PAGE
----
Polish Toledo

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Wednesday, September 12, 2012

Football: Very, very good to Poland

Soccer (Football to Europeans) is a really big deal to nations and fans. Hundreds of thousands on the Continent travel to attend Championship matches. But hardly a Polish-American I speak with realized the Euro 2012 Football Championship Games were being hosted in Poland and Ukraine this past June.

When Poland was awarded hosting rights five years ago, they set out with a multi-billion dollar plan to erect new state of the art stadiums, build hundreds of kilometers of super highways, remodel and upgrade airports and take on various and sundry other infrastructure projects. It provided for lots of jobs in construction and related trades. Even the private sector, particularly the hospitality and retail industry also poured money into upgrades and renovations in their hotels and shops.

Although there are many reasons for Poland’s continued economic growth, taking on the task of preparing for the quadrennial Euro Championship Games may have played a small part in the reason Poland was the only EU country to escape having negative growth during the financial crisis and continued outpacing the growth of other EU countries.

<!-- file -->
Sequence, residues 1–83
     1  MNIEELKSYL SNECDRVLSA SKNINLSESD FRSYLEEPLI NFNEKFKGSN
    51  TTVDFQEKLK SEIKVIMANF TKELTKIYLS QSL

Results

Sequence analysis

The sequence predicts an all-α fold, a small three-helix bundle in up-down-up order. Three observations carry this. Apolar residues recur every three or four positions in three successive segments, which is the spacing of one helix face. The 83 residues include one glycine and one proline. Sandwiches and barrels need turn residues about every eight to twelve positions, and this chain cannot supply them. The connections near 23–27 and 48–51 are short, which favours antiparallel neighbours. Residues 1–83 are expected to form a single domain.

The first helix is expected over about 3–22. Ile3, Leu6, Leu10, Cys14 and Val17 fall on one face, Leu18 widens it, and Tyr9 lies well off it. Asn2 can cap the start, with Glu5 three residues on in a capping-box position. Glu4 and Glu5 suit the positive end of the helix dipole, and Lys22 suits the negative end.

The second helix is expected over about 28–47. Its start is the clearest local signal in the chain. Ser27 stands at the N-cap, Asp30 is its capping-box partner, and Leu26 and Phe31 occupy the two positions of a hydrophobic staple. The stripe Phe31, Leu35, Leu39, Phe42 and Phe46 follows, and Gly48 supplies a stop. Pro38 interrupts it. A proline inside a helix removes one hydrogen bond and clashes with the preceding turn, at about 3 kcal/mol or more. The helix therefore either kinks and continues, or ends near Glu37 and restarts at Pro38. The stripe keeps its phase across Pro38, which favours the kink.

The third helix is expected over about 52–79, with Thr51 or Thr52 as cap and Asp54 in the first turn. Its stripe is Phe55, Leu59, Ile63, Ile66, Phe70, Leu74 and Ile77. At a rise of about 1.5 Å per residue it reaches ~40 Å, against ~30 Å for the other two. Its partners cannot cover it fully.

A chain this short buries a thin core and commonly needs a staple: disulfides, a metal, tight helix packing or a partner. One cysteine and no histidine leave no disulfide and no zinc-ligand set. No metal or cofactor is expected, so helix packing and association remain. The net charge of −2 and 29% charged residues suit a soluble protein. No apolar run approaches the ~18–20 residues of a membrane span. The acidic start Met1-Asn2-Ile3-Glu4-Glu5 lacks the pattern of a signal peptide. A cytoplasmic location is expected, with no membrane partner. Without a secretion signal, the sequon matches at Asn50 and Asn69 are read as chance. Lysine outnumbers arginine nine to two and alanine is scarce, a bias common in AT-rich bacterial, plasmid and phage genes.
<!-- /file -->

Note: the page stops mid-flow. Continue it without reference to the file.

I guess you could considerate getting ready for the games as a stimulus package with actual tangible structures and infrastructure improvements to show for it, much like our Main Library, high level bridge, amphitheater at the zoo and Glass Bowl built during the Great Depression by Roosevelt’s Works Progress Administration.

Those just completed hefty projects will immediately and in the long-term provide utility and increased quality of life for Poles unlike the stimulus instituted about the same time here in America. In Poland it appears shove-ready means exactly what it means. Poles didn’t hear what Americans did a couple months ago when the President joked, “Shovel-ready was not as shovel-ready as we expected.”

Even though a tremendous amount of money was spent by Poland’s government in preparations for the games, next year’s budget defect is expected to decrease by nearly half to around three percent of GDP according to Cabinet Ministers.

While normally inexpensive compared to other European countries, hotel room rates did increase significantly for the tournament month as had other tourist services including prostitution, which by the way is legal in Poland, leading to increased profit margins for proprietors of hospitality related businesses and stimulated local economies around the country.

While travel website reviews of vacationing and touring Poland over the years have been very positive, the tourist segment has not been a very large slice of the economic pie. However, the million and a half or more football fanatics many who visited Poland for the first time will give the country more exposure to foreigners who will hopefully come back again and spread the word to their friends on how friendly and enjoyable a stay in Poland can be for sightseers.